Events were held in Washington DC this week to celebrate World Fair Use Day. Canadian filmmaker Brett Gaylor noted that the name of the day is a bit of a misnomer, since only the US and Israel have "fair use" provisions in their law; the Canadian counterpart, and the principle in many countries around the world, is called 'fair dealing'. Michael Geist makes an important note on this today. Many of the discussions at the Washington events were focused on fair use in the US, but international aspects arose on a few occasions.
Panelists at a discussion on ACTA Monday night noted the importance of exporting not only protections for copyright holders, but also the exceptions and limitations to copyright that ensure copyright law encourages innovation, that it is balanced, that it reflects how people want and need to use works, and that it is respected. They expressed concern that ACTA, if it focuses only on ratcheting up the rights of copyright holders without focusing also on exceptions and limitations, might set a narrow path going forward that would be detrimental to not only balance in copyright around the world, but also to the current and future flexibility of American law. See Rebecca Tushnet's' blog for more of the discussion.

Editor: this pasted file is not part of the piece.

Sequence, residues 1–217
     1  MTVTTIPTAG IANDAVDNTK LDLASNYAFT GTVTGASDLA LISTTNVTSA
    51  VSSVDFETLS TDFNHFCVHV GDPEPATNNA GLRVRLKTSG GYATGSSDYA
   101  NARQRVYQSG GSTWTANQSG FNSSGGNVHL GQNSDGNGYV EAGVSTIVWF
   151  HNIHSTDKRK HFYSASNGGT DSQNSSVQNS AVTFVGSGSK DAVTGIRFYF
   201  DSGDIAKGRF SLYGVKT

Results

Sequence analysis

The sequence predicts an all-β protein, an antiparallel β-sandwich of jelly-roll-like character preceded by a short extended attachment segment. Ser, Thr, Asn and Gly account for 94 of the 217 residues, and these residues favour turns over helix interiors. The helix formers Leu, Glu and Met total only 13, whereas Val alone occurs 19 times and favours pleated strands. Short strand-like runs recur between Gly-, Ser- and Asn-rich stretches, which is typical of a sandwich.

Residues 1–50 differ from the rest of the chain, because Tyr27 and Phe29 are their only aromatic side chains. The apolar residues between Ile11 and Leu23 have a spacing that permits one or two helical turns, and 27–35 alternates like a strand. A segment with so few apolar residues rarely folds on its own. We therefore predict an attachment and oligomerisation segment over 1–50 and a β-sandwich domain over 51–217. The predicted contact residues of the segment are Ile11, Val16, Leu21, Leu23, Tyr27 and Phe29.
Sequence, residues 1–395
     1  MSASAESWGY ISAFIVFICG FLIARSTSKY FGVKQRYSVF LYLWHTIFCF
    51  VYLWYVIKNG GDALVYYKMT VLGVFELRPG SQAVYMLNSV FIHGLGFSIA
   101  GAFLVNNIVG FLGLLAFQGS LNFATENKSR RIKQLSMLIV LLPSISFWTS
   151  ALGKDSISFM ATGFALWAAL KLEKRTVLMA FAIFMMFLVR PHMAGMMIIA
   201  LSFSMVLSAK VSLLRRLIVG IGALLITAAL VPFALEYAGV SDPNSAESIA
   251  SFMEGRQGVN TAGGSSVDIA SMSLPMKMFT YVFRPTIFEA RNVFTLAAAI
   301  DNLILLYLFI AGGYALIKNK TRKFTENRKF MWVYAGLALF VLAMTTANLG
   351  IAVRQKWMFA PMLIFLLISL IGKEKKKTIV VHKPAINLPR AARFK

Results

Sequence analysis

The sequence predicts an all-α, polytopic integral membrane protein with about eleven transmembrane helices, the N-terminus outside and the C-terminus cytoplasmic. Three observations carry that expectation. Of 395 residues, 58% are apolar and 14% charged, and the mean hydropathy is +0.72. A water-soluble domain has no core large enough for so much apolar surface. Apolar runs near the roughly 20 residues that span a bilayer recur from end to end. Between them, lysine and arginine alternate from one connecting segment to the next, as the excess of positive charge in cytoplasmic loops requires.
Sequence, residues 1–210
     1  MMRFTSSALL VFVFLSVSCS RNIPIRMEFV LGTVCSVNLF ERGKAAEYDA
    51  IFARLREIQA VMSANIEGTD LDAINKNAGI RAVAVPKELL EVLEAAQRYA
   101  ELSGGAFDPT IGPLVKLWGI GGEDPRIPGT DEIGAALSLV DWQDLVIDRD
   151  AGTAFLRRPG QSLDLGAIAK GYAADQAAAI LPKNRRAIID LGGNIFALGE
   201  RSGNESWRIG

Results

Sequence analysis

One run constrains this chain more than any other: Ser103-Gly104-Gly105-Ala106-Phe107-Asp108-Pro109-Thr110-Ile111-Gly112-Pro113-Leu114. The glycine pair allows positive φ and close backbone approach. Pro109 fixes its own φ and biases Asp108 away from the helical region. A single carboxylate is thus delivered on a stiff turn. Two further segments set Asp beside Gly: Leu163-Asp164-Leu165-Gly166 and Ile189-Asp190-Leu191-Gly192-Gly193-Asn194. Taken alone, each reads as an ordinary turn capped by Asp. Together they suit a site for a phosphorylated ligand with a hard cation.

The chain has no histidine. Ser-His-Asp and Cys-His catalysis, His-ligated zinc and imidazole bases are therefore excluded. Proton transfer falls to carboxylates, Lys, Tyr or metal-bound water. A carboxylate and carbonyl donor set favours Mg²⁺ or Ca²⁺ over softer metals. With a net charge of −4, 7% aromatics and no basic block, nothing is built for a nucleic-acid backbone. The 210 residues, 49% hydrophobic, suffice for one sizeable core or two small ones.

At a lunchtime discussion with Peter Jaszi and Anthony Falzone, I asked the question: should fair use be internationalized, and if so how? The discussion was blogged here ("Sarah Bannerman from GWU"). The panelists gave a thoughtful response, expressing caution about exporting a US-based approach and fears that the harmonization process might actually impose limits on the flexibilities and limitations that countries can include in their law. However, they also noted, as did the panelists Monday night, the importance of including balance and room for limitations and exceptions in any harmonization process.